Crews hoist ditched plane from icy Hudson River
Engine looks peeled; black boxes found
NEW YORK - Salvage crews hoisted a battle-scarred US Airways jetliner from the Hudson River and onto a barge late last night, three days after the pilot of the crippled aircraft made what he told investigators was a split-second decision to attempt a water landing to avoid a possible catastrophic crash in a populated neighborhood.
Much of the top half of the aircraft appeared as though it might be ready for takeoff - a stark contrast with the charred-looking right wing, and the destroyed right engine, which appeared as though the outside had been peeled off.
An emergency slide still hung from the plane; nearby, a compartment door was open, with some luggage still visible inside. A gash extended from the base of the plane toward the windows. And in places, the skin of the aircraft was simply gone.
After a day struggling with the icy waters and the immense weight of the craft, the mood on the shoreline turned festive with the successful operation. Following the long work to secure the plane, people shook hands and investigators took snapshots, while police helicopters hovered overhead.
Crews later retrieved the planes black boxes, which were filled with fresh water, packed into blue coolers and were to be sped immediately to Washington.
Earlier yesterday, Captain Chesley B. Sullenberger told investigators in the few minutes he had to decide where to set down the powerless plane Thursday afternoon, he felt it was "too low, too slow" and near too many buildings to go anywhere else, according to the National Transportation Safety Board account of his testimony.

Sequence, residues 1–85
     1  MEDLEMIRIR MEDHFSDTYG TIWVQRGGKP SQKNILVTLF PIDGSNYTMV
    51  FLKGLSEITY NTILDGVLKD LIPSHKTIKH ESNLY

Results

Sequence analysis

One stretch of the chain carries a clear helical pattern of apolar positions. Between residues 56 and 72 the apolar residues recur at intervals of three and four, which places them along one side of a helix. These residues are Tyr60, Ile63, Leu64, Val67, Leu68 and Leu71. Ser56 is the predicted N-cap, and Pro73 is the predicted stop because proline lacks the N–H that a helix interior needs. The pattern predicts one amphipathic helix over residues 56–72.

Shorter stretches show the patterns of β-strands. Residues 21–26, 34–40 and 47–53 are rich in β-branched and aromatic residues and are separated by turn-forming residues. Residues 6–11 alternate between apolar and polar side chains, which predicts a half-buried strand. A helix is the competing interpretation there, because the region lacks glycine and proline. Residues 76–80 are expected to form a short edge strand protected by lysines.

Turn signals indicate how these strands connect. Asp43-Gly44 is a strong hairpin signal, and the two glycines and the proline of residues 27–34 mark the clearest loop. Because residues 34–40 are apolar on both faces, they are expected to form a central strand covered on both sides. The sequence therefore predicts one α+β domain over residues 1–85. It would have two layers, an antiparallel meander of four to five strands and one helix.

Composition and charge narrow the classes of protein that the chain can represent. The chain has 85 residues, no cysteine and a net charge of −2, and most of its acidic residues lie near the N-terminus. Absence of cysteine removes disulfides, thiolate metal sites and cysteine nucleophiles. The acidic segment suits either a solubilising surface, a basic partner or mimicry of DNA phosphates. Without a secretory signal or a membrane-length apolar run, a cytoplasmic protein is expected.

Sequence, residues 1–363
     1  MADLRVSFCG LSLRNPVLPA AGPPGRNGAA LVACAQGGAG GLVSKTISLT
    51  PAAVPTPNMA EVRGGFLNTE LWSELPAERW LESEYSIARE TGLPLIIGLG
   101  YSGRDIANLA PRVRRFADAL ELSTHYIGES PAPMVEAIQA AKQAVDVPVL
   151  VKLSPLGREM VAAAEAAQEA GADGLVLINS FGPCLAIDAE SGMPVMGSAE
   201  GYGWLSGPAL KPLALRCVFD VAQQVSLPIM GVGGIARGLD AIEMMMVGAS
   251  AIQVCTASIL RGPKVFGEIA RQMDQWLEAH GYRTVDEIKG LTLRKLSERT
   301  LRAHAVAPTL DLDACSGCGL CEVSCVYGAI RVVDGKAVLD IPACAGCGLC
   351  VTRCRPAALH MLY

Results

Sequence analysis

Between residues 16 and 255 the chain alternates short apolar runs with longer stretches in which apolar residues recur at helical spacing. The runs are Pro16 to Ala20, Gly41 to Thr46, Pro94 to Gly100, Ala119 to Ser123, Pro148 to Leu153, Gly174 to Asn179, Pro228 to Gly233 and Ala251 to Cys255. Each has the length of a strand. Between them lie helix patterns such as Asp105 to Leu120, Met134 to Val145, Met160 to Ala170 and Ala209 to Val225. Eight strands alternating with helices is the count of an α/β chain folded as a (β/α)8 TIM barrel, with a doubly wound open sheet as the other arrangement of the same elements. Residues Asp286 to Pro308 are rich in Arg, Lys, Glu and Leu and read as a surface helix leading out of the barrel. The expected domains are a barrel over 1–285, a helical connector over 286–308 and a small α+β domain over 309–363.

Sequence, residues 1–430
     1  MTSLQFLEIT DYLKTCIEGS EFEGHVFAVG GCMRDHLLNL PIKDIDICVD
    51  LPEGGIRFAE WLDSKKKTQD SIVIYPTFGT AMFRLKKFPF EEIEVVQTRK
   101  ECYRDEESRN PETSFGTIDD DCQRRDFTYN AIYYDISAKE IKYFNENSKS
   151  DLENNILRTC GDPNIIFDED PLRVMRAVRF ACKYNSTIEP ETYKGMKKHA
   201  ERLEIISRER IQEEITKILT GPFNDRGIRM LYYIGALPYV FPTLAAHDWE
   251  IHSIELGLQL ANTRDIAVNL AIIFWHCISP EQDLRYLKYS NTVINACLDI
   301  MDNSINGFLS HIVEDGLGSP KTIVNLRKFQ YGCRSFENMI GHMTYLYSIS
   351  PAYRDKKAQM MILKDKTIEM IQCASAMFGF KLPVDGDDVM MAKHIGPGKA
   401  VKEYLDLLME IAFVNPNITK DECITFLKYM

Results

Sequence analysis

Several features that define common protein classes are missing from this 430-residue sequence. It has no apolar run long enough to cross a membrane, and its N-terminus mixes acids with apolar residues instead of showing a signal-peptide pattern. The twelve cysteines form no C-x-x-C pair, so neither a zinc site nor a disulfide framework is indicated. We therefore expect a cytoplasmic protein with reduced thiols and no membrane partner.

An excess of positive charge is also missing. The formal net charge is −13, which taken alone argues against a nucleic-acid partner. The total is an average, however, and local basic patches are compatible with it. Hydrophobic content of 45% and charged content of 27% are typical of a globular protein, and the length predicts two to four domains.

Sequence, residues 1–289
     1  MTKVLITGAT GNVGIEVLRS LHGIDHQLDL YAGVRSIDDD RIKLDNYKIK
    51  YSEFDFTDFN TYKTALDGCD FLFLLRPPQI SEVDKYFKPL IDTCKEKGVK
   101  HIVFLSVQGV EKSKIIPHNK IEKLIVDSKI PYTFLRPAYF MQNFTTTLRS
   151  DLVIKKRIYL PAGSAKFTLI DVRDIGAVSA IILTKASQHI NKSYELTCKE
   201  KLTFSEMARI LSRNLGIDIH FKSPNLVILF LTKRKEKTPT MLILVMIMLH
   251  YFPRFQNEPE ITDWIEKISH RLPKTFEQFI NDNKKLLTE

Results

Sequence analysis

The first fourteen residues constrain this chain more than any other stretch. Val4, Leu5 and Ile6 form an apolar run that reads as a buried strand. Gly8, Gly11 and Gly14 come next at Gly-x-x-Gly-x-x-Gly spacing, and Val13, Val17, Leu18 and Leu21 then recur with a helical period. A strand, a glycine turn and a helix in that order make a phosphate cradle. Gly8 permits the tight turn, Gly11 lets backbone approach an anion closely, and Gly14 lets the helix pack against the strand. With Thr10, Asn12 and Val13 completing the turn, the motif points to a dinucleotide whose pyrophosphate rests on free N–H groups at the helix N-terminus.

The pilot and his first officer provided their first account to NTSB investigators yesterday of what unfolded inside the cockpit of the US Airways Flight 1549 after it slammed into a flock of birds and lost power in both engines.
Co-pilot Jeff Skiles, who was flying US Airways Flight 1549, saw the birds coming in perfect formation, and made note of it. Sullenberger looked up, and in an instant his windscreen was filled with big, dark-brown birds.
"His instinct was to duck," said NTSB board member Kitty Higgins, recounting their interview. Then there was a thump, the smell of burning birds, and silence as both aircraft engines cut out.
The account illustrated how quickly things deteriorated after the bump at 3,000 feet, and the pilots' swift realization that returning to LaGuardia or getting to another airport was impossible.
With both engines out, Higgins said, flight attendants described complete silence in the cabin, "like being in a library." A smoky haze and the odor of burning metal or electronics filled the plane.
The blow had come out of nowhere. The NTSB said radar data confirmed that the aircraft intersected a group of "primary targets," almost certainly birds, as the jet climbed over the Bronx. Those targets had not been on the radar screen of the air traffic controller who approved the departure, Higgins said.
After the bird impact, Sullenberger told investigators he immediately took over flying from his co-pilot and made a series of command decisions.
Returning to LaGuardia, he quickly realized, was out. So was nearby Teterboro Airport, where he had never flown before, and which would require him to take the jet over densely populated northern New Jersey.
"We can't do it," he told air traffic controllers. "We're going to be in the Hudson."
The co-pilot kept trying to restart the engines, while checking off emergency landing procedures on a three-page list that the crew normally begins at 35,000 feet.
Sullenberger guided the gliding jet over the George Washington Bridge and looked for a place to land.
Pilots are trained to set down near a ship if they have to ditch, so they can be rescued before sinking, and Sullenberger picked a stretch of water near Manhattan's commuter ferry terminals. Rescuers were able to arrive within minutes.
It all happened so fast, the crew never threw the aircraft's "ditch switch," which seals off vents and holes in the fuselage to make it more seaworthy.
After the hard landing, the crews third flight attendant - the only one in the rear of the aircraft - made the decision not to open the back exits, she told NTSB investigators yesterday, the day she was released from the hospital.